Identifier

etd-07082010-215028

Degree

Doctor of Philosophy (PhD)

Department

Psychology

Document Type

Dissertation

Abstract

Despite being faced with difficulties such as declining physical health and negative stereotypes, older adults are often able to maintain a positive sense of well-being in the face of such challenges (Mroczek & Kolarz, 1998). This finding is known as the paradox of well-being. The present study examined this phenomenon as it relates to the experience of ageism, reactions to aging as interpreted through identity process theory, and psychological well-being. The study is an exploratory examination of these factors in a sample of 137 community-dwelling older adults. It was hypothesized that 1) a greater experience of ageism would be associated with declines in psychological well-being, 2) at least one identity processing style would be associated with declines in psychological well-being, and 3) participants’ experience of ageism and favored identity processing style would be associated with different outcomes for psychological well-being. Results indicated that the majority of participants reported fairly low experiences of ageism. Ageism scores were not related to any of the dimensions of psychological well-being. As predicted, participants’ use of the identity balance processing style was positively related with all dimensions of well-being, while use of the identity accommodation processing style was negatively related with all of the dimensions. It was not possible to examine the interaction between the experience of ageism and identity processing styles because of the low experience of ageism within the present sample. These results contribute to the relatively small body of research on identity process theory and represent one of the first attempts to examine the relationships among ageism, identity process theory, and psychological well-being.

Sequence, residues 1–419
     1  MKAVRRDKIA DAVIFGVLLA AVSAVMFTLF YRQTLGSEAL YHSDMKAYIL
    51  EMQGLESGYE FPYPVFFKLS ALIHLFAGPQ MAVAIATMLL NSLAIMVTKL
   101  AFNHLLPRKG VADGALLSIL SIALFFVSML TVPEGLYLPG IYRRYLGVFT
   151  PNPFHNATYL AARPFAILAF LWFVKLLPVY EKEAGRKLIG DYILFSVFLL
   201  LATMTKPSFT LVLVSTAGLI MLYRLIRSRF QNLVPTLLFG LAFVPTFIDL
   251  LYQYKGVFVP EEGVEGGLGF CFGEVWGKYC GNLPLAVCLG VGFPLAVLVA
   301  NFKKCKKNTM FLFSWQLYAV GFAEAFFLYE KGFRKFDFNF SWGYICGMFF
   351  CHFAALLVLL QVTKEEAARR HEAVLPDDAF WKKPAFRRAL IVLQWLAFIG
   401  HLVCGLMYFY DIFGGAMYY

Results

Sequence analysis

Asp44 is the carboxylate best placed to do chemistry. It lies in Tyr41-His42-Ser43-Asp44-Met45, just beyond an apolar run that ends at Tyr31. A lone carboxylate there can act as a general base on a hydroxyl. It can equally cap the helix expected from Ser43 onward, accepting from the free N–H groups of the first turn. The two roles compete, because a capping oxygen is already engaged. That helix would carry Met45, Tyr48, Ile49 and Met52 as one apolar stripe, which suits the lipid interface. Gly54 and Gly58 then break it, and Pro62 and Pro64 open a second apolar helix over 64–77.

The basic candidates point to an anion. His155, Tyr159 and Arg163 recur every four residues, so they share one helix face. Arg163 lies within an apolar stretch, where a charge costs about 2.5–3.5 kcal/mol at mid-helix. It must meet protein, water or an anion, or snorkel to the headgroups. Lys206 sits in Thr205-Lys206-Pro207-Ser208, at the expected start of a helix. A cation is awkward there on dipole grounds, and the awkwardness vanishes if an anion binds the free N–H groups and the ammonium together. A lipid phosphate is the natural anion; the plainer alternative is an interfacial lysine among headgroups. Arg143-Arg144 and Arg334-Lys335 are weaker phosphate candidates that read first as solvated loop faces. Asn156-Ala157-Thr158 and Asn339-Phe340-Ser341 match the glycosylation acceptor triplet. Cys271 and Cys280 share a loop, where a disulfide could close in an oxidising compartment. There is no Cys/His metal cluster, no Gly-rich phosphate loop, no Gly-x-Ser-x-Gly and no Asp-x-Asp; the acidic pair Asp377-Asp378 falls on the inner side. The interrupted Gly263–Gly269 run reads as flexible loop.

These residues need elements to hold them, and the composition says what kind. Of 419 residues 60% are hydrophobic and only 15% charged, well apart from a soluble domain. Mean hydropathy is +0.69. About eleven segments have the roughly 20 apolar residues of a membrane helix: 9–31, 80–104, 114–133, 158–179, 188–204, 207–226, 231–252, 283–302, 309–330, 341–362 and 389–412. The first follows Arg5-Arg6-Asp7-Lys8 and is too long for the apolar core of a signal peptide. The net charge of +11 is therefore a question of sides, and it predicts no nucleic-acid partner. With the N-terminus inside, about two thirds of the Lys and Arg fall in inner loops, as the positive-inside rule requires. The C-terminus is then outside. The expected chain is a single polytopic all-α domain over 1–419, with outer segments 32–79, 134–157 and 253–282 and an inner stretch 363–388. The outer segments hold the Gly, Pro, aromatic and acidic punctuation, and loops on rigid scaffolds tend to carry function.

Date

2010

Document Availability at the Time of Submission

Release the entire work immediately for access worldwide.

Committee Chair

Cherry, Katie

Included in

Psychology Commons

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